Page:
sapphoq reviews says: I found Cult to be a very interesting read. The description of the events kept me reading until the end. Some of the issues identified in the novel are very similar to the things that we citizens of the United States are dealing with in respect to our government, such as the frontal assault on our privacy by the N.S.A. and other three-letter agencies. The characters were individualized. I could understand their motives and their reactions to situations. For fans of dystopian literature, recommended.
Thursday, December 04, 2014
High Price: A Neuroscientist's Journey of Self-Discovery That Challenges Everything You Know about Drugs and Society. New York: HarperCollins Publishers, 2013. eBook, 299 pps.
https://twitter.com/drcarlhart on Twitter (tm)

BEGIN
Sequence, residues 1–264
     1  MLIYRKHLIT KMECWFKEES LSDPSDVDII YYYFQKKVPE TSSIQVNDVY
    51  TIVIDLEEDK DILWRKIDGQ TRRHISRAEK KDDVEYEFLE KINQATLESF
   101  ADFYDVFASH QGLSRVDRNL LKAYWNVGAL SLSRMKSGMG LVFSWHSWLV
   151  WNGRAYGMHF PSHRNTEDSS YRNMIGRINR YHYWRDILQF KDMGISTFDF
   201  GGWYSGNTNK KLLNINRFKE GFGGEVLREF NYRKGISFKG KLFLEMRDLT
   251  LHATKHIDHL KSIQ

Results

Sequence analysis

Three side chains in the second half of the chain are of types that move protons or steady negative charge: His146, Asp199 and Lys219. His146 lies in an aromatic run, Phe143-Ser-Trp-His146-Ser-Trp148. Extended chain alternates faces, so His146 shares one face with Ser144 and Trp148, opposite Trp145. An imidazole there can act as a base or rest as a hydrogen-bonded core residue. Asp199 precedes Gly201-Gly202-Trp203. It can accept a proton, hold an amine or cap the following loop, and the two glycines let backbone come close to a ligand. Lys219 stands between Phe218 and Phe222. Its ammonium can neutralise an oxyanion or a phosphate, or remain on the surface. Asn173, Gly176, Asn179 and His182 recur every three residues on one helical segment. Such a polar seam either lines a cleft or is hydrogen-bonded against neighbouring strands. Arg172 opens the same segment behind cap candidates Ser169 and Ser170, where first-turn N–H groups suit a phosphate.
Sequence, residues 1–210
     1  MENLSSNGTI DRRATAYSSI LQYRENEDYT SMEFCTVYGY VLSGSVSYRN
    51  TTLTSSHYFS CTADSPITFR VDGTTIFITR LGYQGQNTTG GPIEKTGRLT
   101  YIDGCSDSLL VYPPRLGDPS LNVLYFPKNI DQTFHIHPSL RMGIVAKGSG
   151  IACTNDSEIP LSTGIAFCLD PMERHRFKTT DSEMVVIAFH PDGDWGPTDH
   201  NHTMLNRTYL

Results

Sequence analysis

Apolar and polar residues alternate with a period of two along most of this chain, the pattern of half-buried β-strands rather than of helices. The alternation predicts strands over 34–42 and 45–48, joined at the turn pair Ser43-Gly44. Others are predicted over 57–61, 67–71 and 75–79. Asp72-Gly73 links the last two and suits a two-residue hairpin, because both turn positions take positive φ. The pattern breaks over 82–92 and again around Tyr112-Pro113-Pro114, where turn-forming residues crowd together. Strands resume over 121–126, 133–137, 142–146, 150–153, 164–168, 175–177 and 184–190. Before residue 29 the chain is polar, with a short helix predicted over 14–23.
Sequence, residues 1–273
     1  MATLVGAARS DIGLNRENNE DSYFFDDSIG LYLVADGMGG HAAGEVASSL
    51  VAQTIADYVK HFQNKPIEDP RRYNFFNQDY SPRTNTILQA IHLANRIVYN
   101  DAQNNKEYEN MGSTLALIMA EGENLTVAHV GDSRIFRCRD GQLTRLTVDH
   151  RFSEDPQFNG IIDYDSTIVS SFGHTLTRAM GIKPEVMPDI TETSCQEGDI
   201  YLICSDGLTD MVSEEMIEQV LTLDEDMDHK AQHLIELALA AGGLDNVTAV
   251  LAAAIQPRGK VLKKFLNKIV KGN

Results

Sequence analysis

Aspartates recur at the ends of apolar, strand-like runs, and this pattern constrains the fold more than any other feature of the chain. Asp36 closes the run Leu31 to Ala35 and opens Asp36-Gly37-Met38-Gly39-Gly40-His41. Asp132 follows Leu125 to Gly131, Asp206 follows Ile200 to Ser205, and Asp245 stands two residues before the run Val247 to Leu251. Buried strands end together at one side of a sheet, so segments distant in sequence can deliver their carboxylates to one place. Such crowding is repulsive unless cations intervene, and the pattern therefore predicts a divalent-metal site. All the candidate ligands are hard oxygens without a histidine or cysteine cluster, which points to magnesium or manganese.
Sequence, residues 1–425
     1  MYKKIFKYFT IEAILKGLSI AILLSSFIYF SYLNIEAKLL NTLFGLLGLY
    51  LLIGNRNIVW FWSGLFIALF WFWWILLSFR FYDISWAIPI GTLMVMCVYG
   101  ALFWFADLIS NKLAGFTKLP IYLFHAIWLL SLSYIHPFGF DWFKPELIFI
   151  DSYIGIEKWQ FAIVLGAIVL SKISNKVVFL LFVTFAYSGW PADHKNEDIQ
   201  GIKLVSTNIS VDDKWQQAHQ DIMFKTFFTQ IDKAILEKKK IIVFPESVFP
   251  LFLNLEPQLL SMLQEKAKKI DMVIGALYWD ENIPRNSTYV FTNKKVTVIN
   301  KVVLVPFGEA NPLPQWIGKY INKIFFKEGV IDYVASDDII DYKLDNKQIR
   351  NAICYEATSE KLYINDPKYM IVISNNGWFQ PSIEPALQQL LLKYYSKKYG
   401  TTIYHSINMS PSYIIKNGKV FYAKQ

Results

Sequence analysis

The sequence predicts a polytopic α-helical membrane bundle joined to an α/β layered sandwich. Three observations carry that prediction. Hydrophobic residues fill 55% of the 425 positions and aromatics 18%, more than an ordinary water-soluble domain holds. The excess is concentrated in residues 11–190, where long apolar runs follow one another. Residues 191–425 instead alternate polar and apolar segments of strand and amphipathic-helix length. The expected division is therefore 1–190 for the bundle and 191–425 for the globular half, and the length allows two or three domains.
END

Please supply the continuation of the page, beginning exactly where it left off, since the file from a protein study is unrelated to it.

Carl Hart is a black man whose life could have wound up very differently than it had. He was well-acquainted with guns, drugs, and crime as a young man. But things happened and instead of winding up incarcerated or worse, he became a noted neuro-scientist. Even so, his status and N.I.H. identification card did not save him from having to participate in a one person line-up. The cops suspected him of being a bank robber even though he had just come out of the bank with his statement in hand. They didn't care that he was a top neuro-scientist or anything. They only cared that he was black and the bank robber was black too. After twenty minutes, he was allowed to go.